Create Your Own Signature Project
Published: December 16, 2016 by Kate M. Spaulding
What is a signature project and why should you make the time? Read on!
Although I did not mention it in my last post – a career to-do list for winter break – today’s suggestion fits right in with those tasks: create your own signature project. If you are now a) staring somewhat blankly at the screen or b) wondering why I would suggest something that sounds suspiciously like volunteer homework, hear (read) me out.
The idea of a signature project is that you – yes, in all your free time – complete a project so that you will have it as an accomplishment to point to when you are job hunting. In addition to the final product(s), doing so will demonstrate that you have good ideas and can take the initiative, organize, execute, and produce results. From a personal perspective, you can feel what it’s like to act as a Project Manager and see if you like that role.
Consider expanding on something you’ve already done as classwork, or approach an upcoming assignment with the intention of using it as a chance to set up your project. For example, INFO 285, a course where you learn to write a research proposal, is an obvious opportunity, but I’ve taken other classes with equally-expandable projects, and your workplace could also be a good source of inspiration.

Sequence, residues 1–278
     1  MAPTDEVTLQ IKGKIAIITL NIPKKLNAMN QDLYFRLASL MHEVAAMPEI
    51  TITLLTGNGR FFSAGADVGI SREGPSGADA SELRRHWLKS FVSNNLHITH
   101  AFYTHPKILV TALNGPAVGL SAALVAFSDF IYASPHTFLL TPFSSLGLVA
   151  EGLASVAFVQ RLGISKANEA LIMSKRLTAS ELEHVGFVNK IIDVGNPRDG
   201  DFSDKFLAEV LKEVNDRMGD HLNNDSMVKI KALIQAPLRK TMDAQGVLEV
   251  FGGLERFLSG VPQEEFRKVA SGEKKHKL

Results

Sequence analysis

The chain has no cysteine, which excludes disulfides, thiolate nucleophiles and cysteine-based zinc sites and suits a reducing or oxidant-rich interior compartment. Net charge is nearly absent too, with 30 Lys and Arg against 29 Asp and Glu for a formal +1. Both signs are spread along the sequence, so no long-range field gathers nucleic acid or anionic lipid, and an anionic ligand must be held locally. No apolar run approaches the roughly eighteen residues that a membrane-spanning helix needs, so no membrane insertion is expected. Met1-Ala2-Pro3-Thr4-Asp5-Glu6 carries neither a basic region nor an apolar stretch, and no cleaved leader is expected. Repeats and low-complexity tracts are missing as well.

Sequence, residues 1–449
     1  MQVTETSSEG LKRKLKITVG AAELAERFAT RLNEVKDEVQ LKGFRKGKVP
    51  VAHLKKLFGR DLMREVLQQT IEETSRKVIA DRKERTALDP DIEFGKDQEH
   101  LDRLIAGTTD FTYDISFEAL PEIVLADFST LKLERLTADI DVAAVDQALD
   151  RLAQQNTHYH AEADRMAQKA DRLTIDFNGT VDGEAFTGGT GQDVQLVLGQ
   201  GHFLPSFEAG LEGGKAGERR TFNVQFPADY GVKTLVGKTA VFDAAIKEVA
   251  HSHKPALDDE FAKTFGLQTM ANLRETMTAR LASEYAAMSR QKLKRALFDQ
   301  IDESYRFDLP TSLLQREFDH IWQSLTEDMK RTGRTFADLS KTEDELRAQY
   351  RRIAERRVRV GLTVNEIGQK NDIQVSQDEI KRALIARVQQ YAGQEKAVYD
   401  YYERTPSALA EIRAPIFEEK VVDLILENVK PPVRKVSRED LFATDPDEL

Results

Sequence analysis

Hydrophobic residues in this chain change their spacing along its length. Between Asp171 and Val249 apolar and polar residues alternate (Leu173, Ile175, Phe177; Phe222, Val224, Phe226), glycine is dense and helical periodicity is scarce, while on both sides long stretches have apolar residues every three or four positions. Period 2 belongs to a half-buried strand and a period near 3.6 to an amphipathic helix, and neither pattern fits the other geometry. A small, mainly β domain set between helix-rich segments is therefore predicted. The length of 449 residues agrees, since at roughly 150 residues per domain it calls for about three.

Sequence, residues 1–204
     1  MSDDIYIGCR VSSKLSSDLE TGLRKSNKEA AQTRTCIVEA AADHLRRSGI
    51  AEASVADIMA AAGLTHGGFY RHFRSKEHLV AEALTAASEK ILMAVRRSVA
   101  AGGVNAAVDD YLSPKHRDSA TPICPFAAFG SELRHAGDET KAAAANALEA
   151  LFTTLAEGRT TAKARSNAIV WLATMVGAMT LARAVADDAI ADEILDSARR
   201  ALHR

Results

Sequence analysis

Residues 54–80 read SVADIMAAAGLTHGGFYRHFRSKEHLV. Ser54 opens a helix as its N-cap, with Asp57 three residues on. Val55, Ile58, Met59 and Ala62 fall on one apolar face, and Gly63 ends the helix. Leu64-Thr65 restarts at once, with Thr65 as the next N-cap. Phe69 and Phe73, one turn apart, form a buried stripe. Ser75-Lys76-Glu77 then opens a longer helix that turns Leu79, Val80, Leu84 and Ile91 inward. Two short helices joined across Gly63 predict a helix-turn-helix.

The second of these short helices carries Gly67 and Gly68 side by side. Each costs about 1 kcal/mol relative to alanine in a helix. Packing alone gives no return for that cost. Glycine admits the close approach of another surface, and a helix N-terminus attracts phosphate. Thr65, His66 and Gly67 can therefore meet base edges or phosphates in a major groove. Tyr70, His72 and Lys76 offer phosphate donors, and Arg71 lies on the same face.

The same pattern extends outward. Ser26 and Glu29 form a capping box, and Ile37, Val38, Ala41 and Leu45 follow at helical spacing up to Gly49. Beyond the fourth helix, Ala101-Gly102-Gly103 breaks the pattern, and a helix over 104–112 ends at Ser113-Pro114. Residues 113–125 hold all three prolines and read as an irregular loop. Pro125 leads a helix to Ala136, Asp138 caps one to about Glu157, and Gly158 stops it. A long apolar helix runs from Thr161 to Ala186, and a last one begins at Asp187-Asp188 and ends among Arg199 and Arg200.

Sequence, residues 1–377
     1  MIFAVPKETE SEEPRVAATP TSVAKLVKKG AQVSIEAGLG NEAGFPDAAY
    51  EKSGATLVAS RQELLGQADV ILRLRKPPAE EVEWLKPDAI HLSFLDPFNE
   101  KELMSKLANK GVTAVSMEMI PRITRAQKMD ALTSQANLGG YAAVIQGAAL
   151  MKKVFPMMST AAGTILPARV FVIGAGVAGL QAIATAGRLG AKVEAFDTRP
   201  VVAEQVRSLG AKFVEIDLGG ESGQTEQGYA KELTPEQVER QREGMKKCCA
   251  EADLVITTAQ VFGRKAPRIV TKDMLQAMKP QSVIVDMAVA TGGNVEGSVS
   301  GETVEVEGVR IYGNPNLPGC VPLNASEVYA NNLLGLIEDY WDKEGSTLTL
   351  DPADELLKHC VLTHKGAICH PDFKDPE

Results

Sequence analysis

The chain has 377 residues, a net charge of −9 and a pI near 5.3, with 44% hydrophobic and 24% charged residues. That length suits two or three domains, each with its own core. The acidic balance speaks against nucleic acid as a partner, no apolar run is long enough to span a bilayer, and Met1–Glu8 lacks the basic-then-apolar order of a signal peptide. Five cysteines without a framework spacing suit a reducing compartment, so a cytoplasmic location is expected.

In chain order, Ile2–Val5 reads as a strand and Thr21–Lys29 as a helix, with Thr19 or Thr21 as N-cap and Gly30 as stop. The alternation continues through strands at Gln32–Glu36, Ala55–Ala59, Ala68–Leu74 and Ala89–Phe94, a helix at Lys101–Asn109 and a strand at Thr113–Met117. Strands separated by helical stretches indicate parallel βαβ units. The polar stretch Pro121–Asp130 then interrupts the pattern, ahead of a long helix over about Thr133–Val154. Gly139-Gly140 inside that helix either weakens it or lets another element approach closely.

What your signature project actually is is completely up to you. It could be a paper that you take to the next level and get published or accepted for conference presentation. Or you could create and run a new program at your library, whether as a volunteer or an employee. If you’re tech-savvy, you could make an app or a game or a beautiful and beautifully functional website. If you want to pump up your instructional skills, what about creating an e-course? (Here’s a list of places you can sell it, though you’d want to be able to give future employers a code or link so they can see it without having to register or pay. Alternatively, you could make it freely available on your own website or blog.) Show off your data analysis skills by using data – either with permission from a private entity like your employer or publicly available – to solve a problem; bonus points if it’s tied directly to the industry you’d like to join.
Once you’ve completed your project, add it to your LinkedIn profile and make sure you get a recommendation from an associated professor or supervisor. Use it as a talking point in cover letters and resumes – it will be evidence of both specific skills (like being comfortable with technology or an excellent writer) and the traits I mentioned above (you can take initiative, etc.).
Right now, I’m collaborating with a friend to submit a proposal for an upcoming conference. Fingers crossed! Are you working on anything extracurricular? I’d love to hear about it!